The End of WorryNovember 11, 2013 - 5:00 am
“In great fear and distress Jacob divided the people who were with him into two groups, and the flocks and herds and camels as well.”—Genesis 32:7
The Torah portion for this week, Vayishlach, which means “and he sent,” is from Genesis 32:4—36:43, and the Haftorah is from Obadiah 1:1–21.
Worrying is an epidemic. Most of the top ten prescribed drugs in America are to treat worry and its associated symptoms. Despite our tendency to worry, the human body was not created to worry. It’s like using a car that was meant to transport groceries to haul cement. When we worry, we compromise our health, and our body functions at a fraction of its capability. They say that “worrying is the interest we pay on a debt we might not owe.” How can we stop this self-defeating behavior?
The Sages teach, “Who is the one who is never free from worry? The one who has a goal that is too high for himself.” Reaching beyond our limits is the source of all worry. But how are we to know what goals are out of our reach? Also, isn’t setting the bar high a good thing? Don’t people accomplish more when they aim higher than their reach?
The rabbis teach that there is only one goal that is too high for any human being: To be God.
We can aim to be the best in our field; we can strive to be the very best parents that we can be. We can try to find cures for life-threatening diseases and put men on the moon. But there is just one goal that we can never reach – we will never be God.
Many things in this world are beyond our control. There are things that we cannot change. When we mistakenly believe that it is within our reach to control that which is in God’s hands alone, that is when we are plagued by incessant worry. That is when we harm our bodies and our souls by believing that we are capable of doing that which is beyond our control.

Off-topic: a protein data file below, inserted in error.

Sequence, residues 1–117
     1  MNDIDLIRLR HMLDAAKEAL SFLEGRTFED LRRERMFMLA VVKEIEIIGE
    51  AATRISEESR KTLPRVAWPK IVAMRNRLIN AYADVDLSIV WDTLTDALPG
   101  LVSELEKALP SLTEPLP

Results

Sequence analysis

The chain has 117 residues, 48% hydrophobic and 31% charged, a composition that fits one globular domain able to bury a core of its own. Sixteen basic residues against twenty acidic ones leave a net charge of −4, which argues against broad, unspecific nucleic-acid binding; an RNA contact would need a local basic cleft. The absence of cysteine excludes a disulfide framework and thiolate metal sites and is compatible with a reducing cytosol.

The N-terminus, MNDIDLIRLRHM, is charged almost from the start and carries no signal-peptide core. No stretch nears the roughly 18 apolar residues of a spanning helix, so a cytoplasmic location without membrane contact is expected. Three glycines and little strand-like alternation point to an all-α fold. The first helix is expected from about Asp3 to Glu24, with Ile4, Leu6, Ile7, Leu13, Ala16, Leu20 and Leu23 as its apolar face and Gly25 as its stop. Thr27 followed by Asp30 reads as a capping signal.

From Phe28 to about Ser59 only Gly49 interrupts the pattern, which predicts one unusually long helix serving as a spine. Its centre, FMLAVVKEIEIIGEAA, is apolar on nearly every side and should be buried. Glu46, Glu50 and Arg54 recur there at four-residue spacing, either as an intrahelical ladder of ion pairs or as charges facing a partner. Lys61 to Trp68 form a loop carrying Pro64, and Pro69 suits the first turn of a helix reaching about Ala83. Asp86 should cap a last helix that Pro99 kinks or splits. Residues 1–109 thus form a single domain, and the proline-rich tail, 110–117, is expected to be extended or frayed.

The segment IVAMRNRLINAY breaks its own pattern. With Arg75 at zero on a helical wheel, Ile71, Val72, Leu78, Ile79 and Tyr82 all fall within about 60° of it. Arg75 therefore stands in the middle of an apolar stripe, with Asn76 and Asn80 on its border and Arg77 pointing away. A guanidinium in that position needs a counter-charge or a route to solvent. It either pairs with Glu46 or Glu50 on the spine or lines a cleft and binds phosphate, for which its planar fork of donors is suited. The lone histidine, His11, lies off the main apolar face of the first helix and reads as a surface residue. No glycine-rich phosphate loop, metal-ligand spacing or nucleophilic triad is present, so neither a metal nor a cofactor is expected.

In this week’s Torah reading, we find Jacob in “great fear and distress” as he anticipated an imminent attack by his brother Esau. It’s safe to assume that Jacob didn’t worry about much and had more faith in God than most of us. So if he was feeling anxious, he had a very good reason. Yet, surprisingly, a few verses later we read, “He spent the night there . . . ” (Genesis 32:13), which the Sages understand to mean that Jacob actually slept there.
Now, if you were in the scariest situation in your life could you sleep? Probably not. But Jacob understood that there was no use in worrying about that which was in God’s hands. Jacob took the appropriate steps and then left the rest to God. He could sleep soundly knowing he was in good hands.
Next time you are up at night beset with worry, take time to assess your situation. Have you done all that you are capable of doing? Are there any other steps you can take? Once you’ve answered those questions, you need to do as Jacob did and leave the rest in God’s capable hands.